Pop quiz, hotshot: Who was the first man who held the office of United States President to fly in an engine powered aircraft? If you answered Richard Nixon, then I’m disappointed in you. But if you said the first President to fly was Theodore Roosevelt, then give yourself a high five.
It happened at the dawn of the golden age of aviation, a mere 7 years after the Wright’s monumental first engine-powered flight in North Carolina. President Roosevelt, a year removed from his two terms in office was out on the campaign trail for the republicans. He stopped off at the Kinlock Aviation Field in Missouri with then Missouri Governor Herbert Hadley.
After initially turning down an offer to fly in a Biplane piloted by Arch Hoxsey*, ace pilot and aviation teacher for the Wright Brothers, he was eventually convinced to go up. The whole event is captured here:
And it’s easy to see from President Roosevelt’s ear to ear grin that it was an incredible experience. Though he was the first President to fly, the the idea of an aircraft specifically for the President’s use didn’t come about until the Second World War, when Theodore Roosevelt’s distant cousin Franklin D. Roosevelt was serving as the 32nd President of the United States.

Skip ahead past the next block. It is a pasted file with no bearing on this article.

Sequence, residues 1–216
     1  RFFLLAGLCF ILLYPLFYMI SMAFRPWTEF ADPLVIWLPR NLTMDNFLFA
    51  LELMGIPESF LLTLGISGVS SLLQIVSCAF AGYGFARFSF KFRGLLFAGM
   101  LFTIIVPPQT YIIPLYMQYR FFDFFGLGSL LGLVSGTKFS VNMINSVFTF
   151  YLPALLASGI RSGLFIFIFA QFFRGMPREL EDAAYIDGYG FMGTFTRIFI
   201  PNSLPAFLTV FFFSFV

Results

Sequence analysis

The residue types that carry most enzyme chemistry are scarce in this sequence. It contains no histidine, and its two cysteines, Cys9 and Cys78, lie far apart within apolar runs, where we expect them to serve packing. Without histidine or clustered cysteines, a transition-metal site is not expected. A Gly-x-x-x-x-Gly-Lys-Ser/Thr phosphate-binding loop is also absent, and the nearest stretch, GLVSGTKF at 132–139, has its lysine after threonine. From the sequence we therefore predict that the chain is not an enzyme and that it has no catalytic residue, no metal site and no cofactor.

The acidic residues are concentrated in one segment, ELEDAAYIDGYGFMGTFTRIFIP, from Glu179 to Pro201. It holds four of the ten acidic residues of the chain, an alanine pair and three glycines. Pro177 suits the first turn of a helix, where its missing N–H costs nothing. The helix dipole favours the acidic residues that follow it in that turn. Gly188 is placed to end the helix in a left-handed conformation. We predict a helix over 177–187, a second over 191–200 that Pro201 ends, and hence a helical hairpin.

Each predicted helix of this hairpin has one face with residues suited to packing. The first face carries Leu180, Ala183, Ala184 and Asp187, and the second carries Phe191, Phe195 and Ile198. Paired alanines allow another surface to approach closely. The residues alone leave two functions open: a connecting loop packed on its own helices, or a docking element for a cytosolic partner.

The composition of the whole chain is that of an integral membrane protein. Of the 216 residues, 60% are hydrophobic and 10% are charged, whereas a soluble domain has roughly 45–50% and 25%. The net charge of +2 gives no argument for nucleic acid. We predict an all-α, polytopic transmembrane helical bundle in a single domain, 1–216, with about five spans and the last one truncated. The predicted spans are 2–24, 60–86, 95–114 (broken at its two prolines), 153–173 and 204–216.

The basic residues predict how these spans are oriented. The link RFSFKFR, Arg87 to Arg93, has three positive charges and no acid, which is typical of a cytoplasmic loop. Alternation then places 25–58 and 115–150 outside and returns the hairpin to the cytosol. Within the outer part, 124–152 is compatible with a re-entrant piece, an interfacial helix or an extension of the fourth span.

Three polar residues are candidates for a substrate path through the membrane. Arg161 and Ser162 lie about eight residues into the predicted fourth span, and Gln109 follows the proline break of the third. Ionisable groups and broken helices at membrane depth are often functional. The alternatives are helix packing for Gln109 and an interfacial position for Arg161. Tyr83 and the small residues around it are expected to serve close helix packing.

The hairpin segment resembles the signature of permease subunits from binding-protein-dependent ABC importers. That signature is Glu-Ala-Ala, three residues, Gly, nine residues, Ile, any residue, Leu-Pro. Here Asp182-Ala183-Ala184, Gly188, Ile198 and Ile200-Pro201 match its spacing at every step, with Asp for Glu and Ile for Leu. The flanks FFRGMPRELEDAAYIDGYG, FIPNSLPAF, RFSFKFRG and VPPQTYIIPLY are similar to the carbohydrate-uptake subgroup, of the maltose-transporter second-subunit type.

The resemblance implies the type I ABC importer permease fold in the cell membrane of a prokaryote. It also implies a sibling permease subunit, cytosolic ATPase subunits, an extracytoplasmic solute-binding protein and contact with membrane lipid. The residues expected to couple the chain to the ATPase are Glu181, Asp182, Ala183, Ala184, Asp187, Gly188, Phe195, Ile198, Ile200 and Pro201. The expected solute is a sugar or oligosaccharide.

A C-54 Skymaster was converted into the Presidential Plane, and flew President FDR to such important events as the Yalta Conference. This particular plane was also used for a couple of years by successor Harry S. Truman, before a new plane was selected. The actual designation, ‘Air Force One’ didn’t come into use until an incident when President Eisenhower’s plane entered the same airspace as a commercial liner, and both planes were using the same call sign.
Since FDR, many planes have served at the pleasure of the President, including a Boeing 707 in the 60’s and 70’s, and currently, a Boeing VC-25, a highly modified military version of a 747.
There is speculation that the current model will be updated, possibly as early as 2017, so the President can continue to hit the skies in style.
*Arch Hoxsey was the first aviator to fly at night. Sadly, he died on December 31st 1910, at the age of 26, when he crashed after dropping from 7,000 feet trying to set a new altitude record.